View details for Web of Science ID 000268902800033
View details for PubMedID 19614599
The immune response triggered following pathogen recognition, though required to clear the infection, can be detrimental if it is produced in excess or fails to resolve promptly. Excessive inflammation contributes to infectious and noninfectious pathologies in the gut (such as inflammatory bowel disease), lung (such as bronchiolitis), and in a variety of autoimmune conditions. T cells contribute significantly to pathology during inflammation. Global anti-inflammatory strategies can alleviate the consequences of exuberant inflammation by suppressing T cell activity, but may leave the patient vulnerable to opportunistic infection. More specific therapies aim to suppress only those T cells involved in the disease process, and one such approach is to target late costimulatory molecules. These are not expressed on naïve or resting memory cells. Rather, they have a specific window of expression and their ligation results in the production of abundant inflammatory cytokines. By targeting these molecules, it is hoped that inflammation will reduce, but that therapies will be specific enough to avoid, global immune suppression. This review focuses on the late costimulatory molecule OX40, compare it with other T cell costimulators, and highlight why it is a more suitable target for immune intervention than other immune suppressive strategies.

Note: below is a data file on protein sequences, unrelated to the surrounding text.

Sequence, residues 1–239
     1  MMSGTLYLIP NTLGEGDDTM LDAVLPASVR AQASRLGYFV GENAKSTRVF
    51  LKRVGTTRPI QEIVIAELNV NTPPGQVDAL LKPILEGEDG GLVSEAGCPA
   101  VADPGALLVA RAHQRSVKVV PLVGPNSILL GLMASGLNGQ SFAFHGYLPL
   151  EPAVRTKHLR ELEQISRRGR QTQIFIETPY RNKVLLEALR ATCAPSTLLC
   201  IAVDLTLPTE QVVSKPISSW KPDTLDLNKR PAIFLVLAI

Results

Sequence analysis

View details for DOI 10.1007/s00005-008-0032-3
View details for Web of Science ID 000260080700001
View details for PubMedID 18836863